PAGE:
7. Consider the renovation or demolition of the Marting Building with a new complex at the location.
  8. Consider alternate ways to finance City office improvements (renovation or new).  The only option Council has considered is the Debt Retirement Fund; it requires only Councils vote.  Council would issue bonds to pay for the improvements and acquire annual payments, up to $500,000 per year.  This style of collection would involve solely the property owners that are not receiving tax abatements, until the debt is retired.  Prior to the purchase of the Marting Building, Council improperly collected over $2,000,000 through the Debt Retirement Fund until the Scioto County Tax Board refused to tax without a debt.  Consider a City Income Tax as an option to finance office improvements. (12/3/05)

CLICK:  September 14, 2005 Letter requesting the Portsmouth City Schools Superintendent input to discuss existing high school options. (12/2/05)

CLICK:  September 21, 2005 Superintendent's response to my request. (12/2/05)

I am available to discuss this issue as desired but keep in mind Council has been provided limited information.  I am motivated by a plan consisting of relevant facts and pertinent information to make an intelligent decision.  Thanks for your time and please feel free to contact me should you have any questions or comments.


I have updated this site to include the issue discussed at the March 14th City Council Meeting prior to the legislative section.

EMBRACE THE SUNSHINE LAW (Attorney General's Office reply to Round Robin Sessions):  CLICK

On March 9th Teresa and I agreed to enter into a "Joint Motion of All Parties to Defer Ruling on Pending Motions and to Hold Appeals in Abeyance".  This placed our case against the City on hold in the Appeals Court because a settlement in principal had been reached with a method of resolving the differences.  The Mayor, President of City Council, and Chief of Police were to recommend and support the resolution.  It also requires acceptance by City Council which was the purpose of the motion to allow time to resolve.

Our resolution is quite simple:

  • Accept the November 23, 2004 decision of Scioto County Common Pleas Judge William T. Marshall.  City Council must accept the summary judgment that in 2002 members of the Portsmouth City Council violated the Ohio Open Meetings Act, thereby voiding an ordinance that allowed the sale of a building previously occupied by the Martings Department Store.  Marshall ruled based on precedent from a 1996 Ohio Supreme Court Case that "back to back" meetings constitute one meeting if the topic is the same public issue.  Marshall wrote the "Supreme Court likened the back-to-back meetings to legislative musical chairs that attempted to ignore the legislative intent of the stature."  Before Council passed an ordinance, Council members met in two groups of three with Richard D. Marting Foundation board member Clayton Johnson.  Marshall ruled the ordinance was passed based on a prearranged vote by Council members.  "While it is true that the minutes of the May 29, 2002, Council meeting demonstrate (the ordinance) was enacted in open session, it is clear that the adoption of the ordinance resulted from deliberations conducted in meetings not open to the public," Marshall wrote.  City Council must accept this ruling and withdraw their Appeal.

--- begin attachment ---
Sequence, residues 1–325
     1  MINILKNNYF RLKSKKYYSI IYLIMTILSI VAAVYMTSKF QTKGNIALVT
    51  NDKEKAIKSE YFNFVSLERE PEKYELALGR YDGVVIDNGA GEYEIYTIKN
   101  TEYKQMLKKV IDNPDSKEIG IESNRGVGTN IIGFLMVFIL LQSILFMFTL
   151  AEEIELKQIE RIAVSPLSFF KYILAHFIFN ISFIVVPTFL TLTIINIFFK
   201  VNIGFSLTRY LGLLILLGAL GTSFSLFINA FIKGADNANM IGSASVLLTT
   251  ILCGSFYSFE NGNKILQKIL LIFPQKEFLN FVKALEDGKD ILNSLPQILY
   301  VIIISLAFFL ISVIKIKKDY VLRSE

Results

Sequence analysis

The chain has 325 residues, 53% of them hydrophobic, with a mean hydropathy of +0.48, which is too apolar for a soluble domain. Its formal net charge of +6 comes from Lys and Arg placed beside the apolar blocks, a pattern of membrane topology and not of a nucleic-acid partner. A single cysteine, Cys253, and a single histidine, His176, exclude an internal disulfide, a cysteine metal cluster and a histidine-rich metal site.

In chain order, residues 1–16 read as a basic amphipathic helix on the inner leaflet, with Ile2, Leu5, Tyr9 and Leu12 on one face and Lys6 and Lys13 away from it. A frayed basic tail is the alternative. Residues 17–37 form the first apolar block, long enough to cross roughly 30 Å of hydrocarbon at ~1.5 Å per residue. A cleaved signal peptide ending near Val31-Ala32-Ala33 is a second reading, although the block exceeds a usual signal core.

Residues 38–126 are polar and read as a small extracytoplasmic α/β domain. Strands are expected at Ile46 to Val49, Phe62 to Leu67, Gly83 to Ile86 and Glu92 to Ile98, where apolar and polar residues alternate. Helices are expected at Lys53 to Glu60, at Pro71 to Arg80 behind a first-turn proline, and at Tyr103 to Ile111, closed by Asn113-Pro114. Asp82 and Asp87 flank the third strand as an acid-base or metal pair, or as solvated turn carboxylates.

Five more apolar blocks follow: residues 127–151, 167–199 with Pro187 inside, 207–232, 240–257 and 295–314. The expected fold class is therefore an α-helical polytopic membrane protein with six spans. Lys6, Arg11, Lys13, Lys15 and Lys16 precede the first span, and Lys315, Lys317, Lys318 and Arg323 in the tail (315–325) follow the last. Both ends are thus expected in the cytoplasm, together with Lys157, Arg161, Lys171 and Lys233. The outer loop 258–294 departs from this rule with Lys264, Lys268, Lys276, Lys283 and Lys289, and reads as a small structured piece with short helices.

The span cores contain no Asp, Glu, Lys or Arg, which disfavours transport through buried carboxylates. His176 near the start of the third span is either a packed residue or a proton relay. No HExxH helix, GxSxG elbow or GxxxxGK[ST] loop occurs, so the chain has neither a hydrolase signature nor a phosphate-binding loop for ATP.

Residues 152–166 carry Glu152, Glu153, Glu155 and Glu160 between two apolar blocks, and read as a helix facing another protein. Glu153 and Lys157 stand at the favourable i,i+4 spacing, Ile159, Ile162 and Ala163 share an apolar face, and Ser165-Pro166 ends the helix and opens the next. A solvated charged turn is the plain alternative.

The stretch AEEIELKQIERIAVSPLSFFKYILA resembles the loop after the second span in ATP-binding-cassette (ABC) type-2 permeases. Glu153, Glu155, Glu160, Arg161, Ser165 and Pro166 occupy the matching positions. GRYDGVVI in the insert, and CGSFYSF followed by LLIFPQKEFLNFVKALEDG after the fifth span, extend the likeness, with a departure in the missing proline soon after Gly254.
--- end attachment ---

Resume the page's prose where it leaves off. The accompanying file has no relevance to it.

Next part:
• Avoid further violations of the Open Meetings Act of the Sunshine Laws by amending Section 4 of the City Charter to clearly permit "Executive Sessions."
  • The liability for the violation of the Open Meetings Act of the Sunshine Laws are as follows:
    • Injunction---Any person may bring suit for injunctive relief within two years of a violation, to compel the public body to comply with the law.
    • Fines----If the injunction issues, the court must order the public body to pay a civil forfeiture of $500, and all court costs.
    • Attorneys Fees----A court shall also order the public body to pay the reasonable $20,000 attorneys fees of the party who sought the injunctions through may be reduced.  Our attorney fees have been billed to us and paid as required.
    • Action Invalidated----Any formal action by a public body that was adopted in an improperly noticed or closed meeting, or resulted from deliberations that were improperly held in executive session, may be invalidated.
    • Possible Removal of Office --- A member of a public body knowingly violates an injunction may be removed from office by an action brought in the Court of the Common Pleas for that purpose by the Prosecuting Attorney or Attorney General.

After the discussion during the March 14th City Council Meeting; Teresa and I requested our attorney prepare and file a motion to withdraw from the "Joint Motion of All Parties to Defer Ruling on Pending Motions and to Hold Appeals in Abeyance".  This decision is based on the following reasons:

Mayor (Jim Kalb) stated "he respects Judge Marshall's decision but he completely disagrees with it....they met in "threes" to avoid breaking the Sunshine Laws."  The Mayor is not ready to embrace the Ohio Sunshine Laws.   CLICK VIDEO

Solicitor (David Kuhn) stated the City's Appeal of Judge Marshall's decision may be amended.  Solicitor stated the City's Counsel recommends proceeding with the appeal of all issues.  The Solicitor is not ready to embrace the Ohio Sunshine Laws.  The Appeal to the Fourth District Court of Appeals filed December 20, 2004 on behalf of City Council reads as follows: